It’s G.O. H.A.R.D! (November has the Best Holidays!)

GO HARD! I’m back from my run—who’s ready to share the sweat?
GO HARD! I’m back from my run—who’s ready to share the sweat?

Thanksgiving is around the corner, but before we share our gratitude over a table full of food it’s time to celebrate Globally Organized Hug A Runner Day (G.O. H.A.R.D.) with a little swapping of sweat!

I’m doling out hugs all day, starting with a couple of virtual ones to the guys over at Run The Edge, Tim Catalano and Adam Goucher, for masterminding this incredible holiday. Without their vision, G.O. H.A.R.D. simply would not exist. (They’ve put together a great list of ways to celebrate over on their blog—check it out!)

Runners come in all shapes, sizes, and speeds, and no matter how far we’ve come or how many more miles we’ve got left, it’s awesome to take a moment to give thanks for each other and the thing that brings us together—running!

Michael K. Farrell slogged it out on a treadmill last night in preparation for next week’s Turkey Trot (which I lovingly signed him up for without telling him), so he gets the first real-life hug of the day from me. Who else wants one? I’ll be hanging out in the Mission in San Francisco today with my arms wide open!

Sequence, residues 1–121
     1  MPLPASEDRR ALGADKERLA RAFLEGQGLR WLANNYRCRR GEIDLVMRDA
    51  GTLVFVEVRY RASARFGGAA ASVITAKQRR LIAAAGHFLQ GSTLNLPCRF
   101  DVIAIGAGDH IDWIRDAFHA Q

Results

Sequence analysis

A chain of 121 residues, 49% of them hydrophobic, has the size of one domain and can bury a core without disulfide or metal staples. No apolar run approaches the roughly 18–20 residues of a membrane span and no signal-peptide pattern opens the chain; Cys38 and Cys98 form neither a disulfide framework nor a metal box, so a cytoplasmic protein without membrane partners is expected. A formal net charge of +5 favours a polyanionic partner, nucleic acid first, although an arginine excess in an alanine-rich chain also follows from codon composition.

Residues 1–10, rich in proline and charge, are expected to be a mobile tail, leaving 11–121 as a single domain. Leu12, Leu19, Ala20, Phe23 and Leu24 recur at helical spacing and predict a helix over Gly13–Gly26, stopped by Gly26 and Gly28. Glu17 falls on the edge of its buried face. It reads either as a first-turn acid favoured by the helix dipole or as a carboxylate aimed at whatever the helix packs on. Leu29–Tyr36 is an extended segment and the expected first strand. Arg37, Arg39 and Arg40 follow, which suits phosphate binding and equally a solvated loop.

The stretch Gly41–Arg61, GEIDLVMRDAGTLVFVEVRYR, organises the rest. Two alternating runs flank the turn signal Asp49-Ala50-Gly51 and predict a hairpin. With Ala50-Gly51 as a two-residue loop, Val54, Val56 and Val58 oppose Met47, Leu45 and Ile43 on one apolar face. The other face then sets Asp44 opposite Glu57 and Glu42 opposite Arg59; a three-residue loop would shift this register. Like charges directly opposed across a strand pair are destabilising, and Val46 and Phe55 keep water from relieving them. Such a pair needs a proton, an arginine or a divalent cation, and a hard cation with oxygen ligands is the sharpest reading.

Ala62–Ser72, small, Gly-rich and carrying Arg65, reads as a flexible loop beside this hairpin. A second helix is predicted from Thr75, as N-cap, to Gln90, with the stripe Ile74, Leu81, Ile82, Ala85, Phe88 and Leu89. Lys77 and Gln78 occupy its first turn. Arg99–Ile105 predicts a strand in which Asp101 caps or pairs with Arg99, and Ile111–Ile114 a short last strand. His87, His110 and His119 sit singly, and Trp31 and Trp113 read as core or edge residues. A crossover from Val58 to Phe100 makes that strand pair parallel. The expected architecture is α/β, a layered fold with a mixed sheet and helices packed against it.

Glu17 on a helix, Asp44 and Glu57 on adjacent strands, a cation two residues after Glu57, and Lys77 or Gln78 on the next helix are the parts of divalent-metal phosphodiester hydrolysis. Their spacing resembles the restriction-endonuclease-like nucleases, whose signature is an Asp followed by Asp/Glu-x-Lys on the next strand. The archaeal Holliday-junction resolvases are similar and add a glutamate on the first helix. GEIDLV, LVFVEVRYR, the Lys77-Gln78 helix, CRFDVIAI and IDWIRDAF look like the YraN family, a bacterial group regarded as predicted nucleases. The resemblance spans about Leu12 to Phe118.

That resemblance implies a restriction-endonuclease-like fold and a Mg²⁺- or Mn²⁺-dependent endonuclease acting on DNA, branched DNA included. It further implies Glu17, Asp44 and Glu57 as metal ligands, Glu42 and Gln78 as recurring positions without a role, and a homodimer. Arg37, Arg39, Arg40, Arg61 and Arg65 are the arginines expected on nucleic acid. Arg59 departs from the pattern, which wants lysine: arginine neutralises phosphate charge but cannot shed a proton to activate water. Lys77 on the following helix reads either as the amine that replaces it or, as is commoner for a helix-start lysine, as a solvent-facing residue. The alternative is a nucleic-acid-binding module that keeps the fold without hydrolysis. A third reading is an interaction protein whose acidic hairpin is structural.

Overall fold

Are you celebrating G.O. H.A.R.D.? (Of course you are!) Who will you be hugging today? 

Caroline from I Heart Running Thinks I’m Pretty Great (The Feeling is Mutual!)

Yesterday my phone tweeted me an alert that I am the recipient of an award. My first thought: “Yes! I  won!” My second: “Wait, I don’t remember entering any contests.” Turns out, it’s a little pat on the back from Caroline of I Heart Running, a fellow blogger who happened upon Some Kind Of Runderful a few months ago.

I would like to thank all the roads, sneaker, races, and running buddies that have contributed to my success along the way.
I would like to thank all the roads, sneakers, races, and running buddies that have contributed to my success along the way.

One of the amazing things about being a runner is the amount of support the community doles out to one another. You feel it in a smile of commiseration at the track, a nod of acknowledgement on the trail, and in all those finish line cheers. That sense of support and community is one of the reasons why I’m hooked on running, and it’s a big part of why I started this blog. We all need positive feedback in life, and it’s so easy to give.

Thanks for the shout out, Caroline! I’m thrilled that we’re in this together!

The rules for these awards are:
1. Add The Versatile Blogger Award photo on a blog post
2. Thank the person who presented you with the award and link back to him or her in your post.
3. Share seven things about yourself.
4. Pass the award along to 10 of your favorite bloggers.
5. Contact your chosen bloggers to let them know about the award.

Seven Things About Me:
I haven’t used anti-perspirant in months and I smell fine (I think).